Supplement on the Fund
IMF adapts to changing global environment to meet member countries' needs
After a series of financial crises between mid-1997 and early 1999, which for a time raised fears of a global recession, there has recently been a marked improvement in financial market conditions and most of the economies that were affected by the crises have begun to recover. Although there are a number of remaining global downside risks, growth appears to have bottomed out at 21/2 percent in 1998, in what appears to have been the mildest of the four world economic slowdowns of the past three decades.
In Southeast Asia, where the first crises occurred, the countries most directly affected—Korea, Indonesia, Malaysia, and Thailand—are all showing signs of recovery. In Russia, despite many difficulties, the government implemented policies that have helped stabilize the economy. In Latin America, Brazil took swift action to stem the crisis affecting its economy. In these and other areas, the IMF has been directly involved—providing policy advice to its 182 member countries, extending financial support for soundly formulated adjustment and reform programs, offering contingent financing to countries affected by financial contagion, granting low-cost assistance to the poorest and most indebted of its member countries, and taking steps to strengthen the international financial system, including by promoting transparency and good governance in its members.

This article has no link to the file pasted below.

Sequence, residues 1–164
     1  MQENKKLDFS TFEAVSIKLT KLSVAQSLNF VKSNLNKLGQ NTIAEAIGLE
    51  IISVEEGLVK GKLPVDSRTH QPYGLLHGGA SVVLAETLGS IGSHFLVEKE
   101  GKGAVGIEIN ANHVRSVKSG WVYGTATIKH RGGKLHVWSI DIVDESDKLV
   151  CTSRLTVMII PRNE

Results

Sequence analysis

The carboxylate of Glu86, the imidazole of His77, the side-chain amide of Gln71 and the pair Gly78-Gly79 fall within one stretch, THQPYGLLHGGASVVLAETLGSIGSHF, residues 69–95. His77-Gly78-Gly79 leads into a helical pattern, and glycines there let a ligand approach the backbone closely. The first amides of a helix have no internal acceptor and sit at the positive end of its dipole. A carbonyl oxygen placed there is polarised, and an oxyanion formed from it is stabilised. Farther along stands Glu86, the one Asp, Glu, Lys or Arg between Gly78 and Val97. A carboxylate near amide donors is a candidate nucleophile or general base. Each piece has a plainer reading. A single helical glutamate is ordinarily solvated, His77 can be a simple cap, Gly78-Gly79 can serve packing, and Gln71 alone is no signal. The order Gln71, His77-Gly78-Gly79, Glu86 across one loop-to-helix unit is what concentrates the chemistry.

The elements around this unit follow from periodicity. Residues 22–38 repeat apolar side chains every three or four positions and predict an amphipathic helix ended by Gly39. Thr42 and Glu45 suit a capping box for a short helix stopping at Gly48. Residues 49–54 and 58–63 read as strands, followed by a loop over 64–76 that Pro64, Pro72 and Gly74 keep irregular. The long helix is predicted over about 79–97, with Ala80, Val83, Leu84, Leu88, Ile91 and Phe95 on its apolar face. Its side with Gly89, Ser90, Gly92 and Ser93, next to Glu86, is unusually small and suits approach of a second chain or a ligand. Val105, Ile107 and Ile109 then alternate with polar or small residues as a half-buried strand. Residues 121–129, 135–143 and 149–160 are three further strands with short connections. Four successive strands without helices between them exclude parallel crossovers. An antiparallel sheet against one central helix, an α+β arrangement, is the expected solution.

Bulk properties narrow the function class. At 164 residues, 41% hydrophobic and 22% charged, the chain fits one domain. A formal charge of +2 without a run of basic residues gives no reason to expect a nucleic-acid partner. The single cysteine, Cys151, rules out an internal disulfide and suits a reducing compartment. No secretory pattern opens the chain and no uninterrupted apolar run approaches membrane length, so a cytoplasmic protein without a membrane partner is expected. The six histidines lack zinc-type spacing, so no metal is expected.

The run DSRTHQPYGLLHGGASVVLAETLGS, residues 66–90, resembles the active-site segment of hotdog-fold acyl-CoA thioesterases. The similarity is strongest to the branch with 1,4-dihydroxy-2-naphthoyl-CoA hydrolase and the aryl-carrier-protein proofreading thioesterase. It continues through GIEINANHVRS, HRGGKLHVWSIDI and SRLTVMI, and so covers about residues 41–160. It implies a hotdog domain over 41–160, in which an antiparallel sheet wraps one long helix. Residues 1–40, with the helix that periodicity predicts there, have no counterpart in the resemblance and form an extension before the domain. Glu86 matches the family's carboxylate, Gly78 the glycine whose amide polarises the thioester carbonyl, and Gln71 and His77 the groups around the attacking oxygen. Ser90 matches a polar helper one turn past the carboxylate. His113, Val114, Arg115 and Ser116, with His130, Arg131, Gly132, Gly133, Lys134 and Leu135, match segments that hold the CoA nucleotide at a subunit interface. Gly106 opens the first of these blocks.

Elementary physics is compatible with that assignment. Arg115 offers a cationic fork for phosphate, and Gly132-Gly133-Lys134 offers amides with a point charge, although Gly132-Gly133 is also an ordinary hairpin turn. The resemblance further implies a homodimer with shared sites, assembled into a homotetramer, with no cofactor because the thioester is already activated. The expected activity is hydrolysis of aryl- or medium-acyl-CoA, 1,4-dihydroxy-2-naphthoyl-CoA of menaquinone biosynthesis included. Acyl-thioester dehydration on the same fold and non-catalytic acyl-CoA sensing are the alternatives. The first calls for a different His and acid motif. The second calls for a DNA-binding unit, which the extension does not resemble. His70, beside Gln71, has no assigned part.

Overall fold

Despite the signs of progress, many challenges remain. Continuing recovery depends on sound policies at the national level and also on a healthy global economic environment. Globalization, characterized by increasingly integrated financial markets, accompanied by freer capital flows across national borders, is now accepted as a permanent and beneficial feature of the world economy. All participating countries can benefit—enjoying more investment and a better standard of living—although many have been left out of this progress.
The crises gave powerful impetus to proposals to strengthen the architecture of the international financial system and commanded much of the Executive Board's attention in 1998 and the first half of 1999. The proposals addressed, among other issues, transparency and accountability; internationally accepted standards of good practice in economic, financial, and business activities; capital market liberalization; the role of the private sector in forestalling and resolving crises; and improvements in financial market supervision. The IMF made considerable progress in these areas and also devoted much of its time to discussing ways to strengthen its support of member countries, particularly the poorest and most heavily indebted.
Developments in the world economy